Yet challenges and disparities persist, and it is often argued that we now have a new poverty, akin to modern-day slavery. The biggest question remains: why did the government allow temping agencies to do their thing first, and be regulated later?

The reason that is constantly and consistently given is that Malta now has the ‘luxury’ to regulate, having expanded its economy. Is it luxury, though?

While economic prosperity is undoubtedly crucial, the pursuit of growth has, at times, overshadowed the fundamental well-being of individuals and communities. A shift in focus would have fostered a more sustainable and equitable path toward a brighter future for all, including workers who set foot on the island in search for work.

What will change?

Parliamentary Secretary Ellul noted that the proposed legislation aims to address several key concerns in the labour market. Here’s what both Prime Minister Robert Abela and the Parliamentary Secretary have said so far.

  • Controlled immigration

The government intends to ensure that workers from third countries entering Malta are genuinely needed by the industries. This means that only the required number of workers will be permitted; this will help regulate the labour market and prevent an oversupply of labour. The existing unregulated state of labour agencies will be reformed to accommodate this change. A data-driven approach, using labour force surveys and market assessments, will ensure that the right number of skilled workers are available.

  • Adaptation to new realities

The onset of the COVID-19 pandemic introduced new dynamics to the labour market, including the rise of digital platform work. Platform work, also known as gig work or on-demand work, is when individuals perform tasks or provide services through digital platforms or apps, often on a short-term or freelance basis. We see these workers all around us, delivering grocery shopping, documents, and food, among other tasks. The government has already regulated this sector, dispelling concerns of market disruption. Temping agencies will soon follow in being regulated in a similar way.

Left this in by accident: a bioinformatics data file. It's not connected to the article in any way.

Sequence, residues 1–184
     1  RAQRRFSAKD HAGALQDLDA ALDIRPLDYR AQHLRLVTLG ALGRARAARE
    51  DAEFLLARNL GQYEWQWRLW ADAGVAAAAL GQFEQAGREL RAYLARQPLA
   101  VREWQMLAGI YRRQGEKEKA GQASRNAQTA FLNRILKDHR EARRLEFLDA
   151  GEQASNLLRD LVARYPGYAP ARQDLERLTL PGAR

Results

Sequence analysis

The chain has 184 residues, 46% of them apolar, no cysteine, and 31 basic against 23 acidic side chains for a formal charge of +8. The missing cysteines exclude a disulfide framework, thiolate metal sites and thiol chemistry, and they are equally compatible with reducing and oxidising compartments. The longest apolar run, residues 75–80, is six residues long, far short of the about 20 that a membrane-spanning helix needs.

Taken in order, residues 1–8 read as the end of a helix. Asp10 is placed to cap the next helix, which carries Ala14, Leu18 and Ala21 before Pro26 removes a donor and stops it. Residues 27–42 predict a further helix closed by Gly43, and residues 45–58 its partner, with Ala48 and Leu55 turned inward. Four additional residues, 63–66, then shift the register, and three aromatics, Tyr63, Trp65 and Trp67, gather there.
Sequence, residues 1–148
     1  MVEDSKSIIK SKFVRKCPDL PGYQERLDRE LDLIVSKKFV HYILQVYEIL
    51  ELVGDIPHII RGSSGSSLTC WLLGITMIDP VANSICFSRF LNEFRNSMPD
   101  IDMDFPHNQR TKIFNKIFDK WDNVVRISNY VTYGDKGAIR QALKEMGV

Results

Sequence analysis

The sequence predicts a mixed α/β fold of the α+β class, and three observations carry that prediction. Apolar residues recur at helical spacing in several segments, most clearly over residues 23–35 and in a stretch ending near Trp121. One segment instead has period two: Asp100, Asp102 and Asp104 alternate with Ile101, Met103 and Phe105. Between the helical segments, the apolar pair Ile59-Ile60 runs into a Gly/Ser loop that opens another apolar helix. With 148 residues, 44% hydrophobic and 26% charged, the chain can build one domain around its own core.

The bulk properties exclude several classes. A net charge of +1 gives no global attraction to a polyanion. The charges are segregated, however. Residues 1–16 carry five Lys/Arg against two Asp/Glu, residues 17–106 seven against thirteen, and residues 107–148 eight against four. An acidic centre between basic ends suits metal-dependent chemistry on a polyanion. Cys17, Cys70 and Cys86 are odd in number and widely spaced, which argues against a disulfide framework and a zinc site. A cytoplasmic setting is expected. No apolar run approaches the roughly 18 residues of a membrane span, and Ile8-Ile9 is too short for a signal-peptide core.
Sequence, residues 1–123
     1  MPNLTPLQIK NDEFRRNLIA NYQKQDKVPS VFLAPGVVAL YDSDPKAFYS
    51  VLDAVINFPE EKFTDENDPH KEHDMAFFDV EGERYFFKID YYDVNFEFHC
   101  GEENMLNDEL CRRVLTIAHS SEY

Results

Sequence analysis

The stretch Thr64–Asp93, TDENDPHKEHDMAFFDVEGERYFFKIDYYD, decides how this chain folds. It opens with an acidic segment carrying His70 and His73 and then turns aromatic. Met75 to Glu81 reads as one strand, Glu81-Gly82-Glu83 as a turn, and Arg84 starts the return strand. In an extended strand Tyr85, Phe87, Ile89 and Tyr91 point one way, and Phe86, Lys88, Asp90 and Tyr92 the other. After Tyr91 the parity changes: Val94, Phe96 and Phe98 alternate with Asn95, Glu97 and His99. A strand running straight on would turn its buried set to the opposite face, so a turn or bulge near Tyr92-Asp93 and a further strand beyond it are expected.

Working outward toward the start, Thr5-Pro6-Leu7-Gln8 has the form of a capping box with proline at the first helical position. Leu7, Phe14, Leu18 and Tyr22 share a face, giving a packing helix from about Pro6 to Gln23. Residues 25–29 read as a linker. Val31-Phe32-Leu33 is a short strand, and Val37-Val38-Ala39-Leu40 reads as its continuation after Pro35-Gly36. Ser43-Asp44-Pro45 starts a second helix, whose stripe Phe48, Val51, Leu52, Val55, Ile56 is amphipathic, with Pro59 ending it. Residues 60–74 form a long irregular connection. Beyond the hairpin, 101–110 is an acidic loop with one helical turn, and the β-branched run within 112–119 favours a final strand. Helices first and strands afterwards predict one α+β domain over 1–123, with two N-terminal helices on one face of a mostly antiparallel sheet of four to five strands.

• Licensing and accountability

A significant step in the proposed legislation is the introduction of a licensing system for labour market operators. This move aims to enhance accountability and weed out unscrupulous actors. Strict criteria will be established, and those failing to meet them risk losing their licenses. What we now look forward to seeing is what these criteria are, and how they will be enforced.

All for the better

The government has sought input from various stakeholders, including industry representatives, social partners, and employers’ associations, to come up with a draft legislation. It’s now only a matter of time until we know what’s in it.

What we know for certain is that it’s in the government’s interest to not disrupt the market but to refine and enhance it, for the sake of both employers and workers. There is no option to tackling agencies whose only interest is to cash in on the vulnerabilities of people who are desperate for work. It’s never too late.

PHOTO: Abused and exploited: A third country national passes his time in idleness after having been lured to Malta by a false promise of employment. (Sandro Mangion)